A Word About Foreknowledge

One of the most popular views of the doctrine of election takes the omniscience of God and uses it to replace God’s sovereign choice of particular individuals for salvation, with God’s knowledge that certain people will believe. In my experience as a Pastor this seems to be the dominant view of most evangelicals. It goes something like this: God (because he is omniscient) looked down through the corridors of time and saw each individual who would choose to believe the gospel and based upon that knowledge God elected those individuals to salvation. Those who take this view might turn to a passage like Romans 8:29 – For those whom he foreknew he also predestined to be conformed to the image of his Son…
This view has some obvious benefits in that it allows God to appear to remain sovereign, while at the same time allowing man to be sovereign over his own salvation. Essentially, what it does is provide relief for those who want to reconcile God’s sovereignty with man’s totally free will. The problem with this view is that it places God at the mercy of man, rather than man at the mercy of God. Isaiah 46:9-10 says, ...I am God and there is no other, I am God, and there is none like me, declaring the end from the beginning and from ancient times things not yet done… and Romans 9:15 reads, “I will have mercy on whom I have mercy, and I will have compassion on whom I have compassion.” The testimony of Scripture is that it is God who has mercy out of his own unhindered sovereignty, the popular evangelical view places God in a box in a vain attempt to hold on to some semblance of absolute human free will. This is not to say that man is without free will, but God uses man’s free will in order to bring about his predetermined ends.
Another problem with this view is that it does not take into account the meaning of the word “foreknowledge.” Foreknowledge is from the Greek term prognosei. It is a compound word consisting of the preposition pro, which means before and the verb ginosko, which means “to know intimately.” Prognosei does not refer to having knowledge in advance, in the same way that I knew my wife would say yes when I asked her to marry me. Rather, prognosei refers to an intimate personal knowledge that is established in advance. It speaks of \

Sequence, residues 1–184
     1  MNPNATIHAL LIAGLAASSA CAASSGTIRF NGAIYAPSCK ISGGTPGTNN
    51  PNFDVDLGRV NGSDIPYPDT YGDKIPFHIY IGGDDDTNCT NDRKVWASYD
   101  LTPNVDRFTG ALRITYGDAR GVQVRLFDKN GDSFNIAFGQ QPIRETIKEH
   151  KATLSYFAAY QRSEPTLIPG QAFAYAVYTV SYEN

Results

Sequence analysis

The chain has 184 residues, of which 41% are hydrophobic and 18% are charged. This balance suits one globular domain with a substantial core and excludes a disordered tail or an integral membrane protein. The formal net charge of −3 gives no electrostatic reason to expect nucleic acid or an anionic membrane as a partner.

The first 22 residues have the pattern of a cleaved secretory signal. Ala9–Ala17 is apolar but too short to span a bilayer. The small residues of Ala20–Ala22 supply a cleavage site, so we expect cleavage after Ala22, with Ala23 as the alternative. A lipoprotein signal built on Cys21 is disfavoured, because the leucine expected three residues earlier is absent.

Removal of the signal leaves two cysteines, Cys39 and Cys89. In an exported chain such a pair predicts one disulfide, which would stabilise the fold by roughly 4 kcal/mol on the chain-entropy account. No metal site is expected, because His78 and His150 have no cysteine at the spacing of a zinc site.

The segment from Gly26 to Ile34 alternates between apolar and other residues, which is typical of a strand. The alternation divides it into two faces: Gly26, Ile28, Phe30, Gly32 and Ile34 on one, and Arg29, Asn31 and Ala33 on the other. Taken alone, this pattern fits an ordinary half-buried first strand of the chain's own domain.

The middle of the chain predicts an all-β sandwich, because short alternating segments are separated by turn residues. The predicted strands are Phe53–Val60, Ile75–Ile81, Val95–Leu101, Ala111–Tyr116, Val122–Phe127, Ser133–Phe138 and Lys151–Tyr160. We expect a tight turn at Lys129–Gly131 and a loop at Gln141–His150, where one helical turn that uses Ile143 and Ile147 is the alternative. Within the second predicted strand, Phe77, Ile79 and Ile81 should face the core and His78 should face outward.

personal relationships and frequently to the intimacy between a husband and a wife (LXX Genesis 4:1). We see this concept of intimacy in 1 Peter 1:20 where Peter explains that “He was foreknown before the foundation of the world, but was made manifest in the last times for your sake.” In this passage Peter tells us that the Father foreknew Christ, in the intimacy of Trinitarian relationship and that because of that relationship the Father sent the Son to make atonement for our sins (John 8:29). If this verse were taken with the typical evangelical understanding of foreknowledge, it would mean that the Father looked down through the corridors of time and saw that the Son came to die for our sins, which caused the Father to make Him the Messiah. Only the proper understanding of foreknowledge, as an established intimacy based upon God’s sovereign choice can make sense of this passage and only this understanding of foreknowledge allows the Scripture to speak for itself when it says that “He has mercy on whom He has mercy.”
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February 16 2008 04:46 pm | Doctrines of Grace

2 Responses to “A Word About Foreknowledge”

  1. The Vander Arks on 18 Feb 2008 at 8:07 pm #


    Seriously, what you wrote here is a great reminder. It really is so easy to explain to others my own Calvinism and settle for what is acceptable to the general public and even myself. This is a challenge for me, thank you for laying out some solidity in my belief, even though you have gone over this many, many, many, many times.


  2. Robert on 01 Jun 2008 at 12:05 pm #

    The idea of the corridors of time is so pervasive today…I just had breakfast with my Pastor and we talked a little about predestination and that’s what he brought up…

    thanks for a good reminder…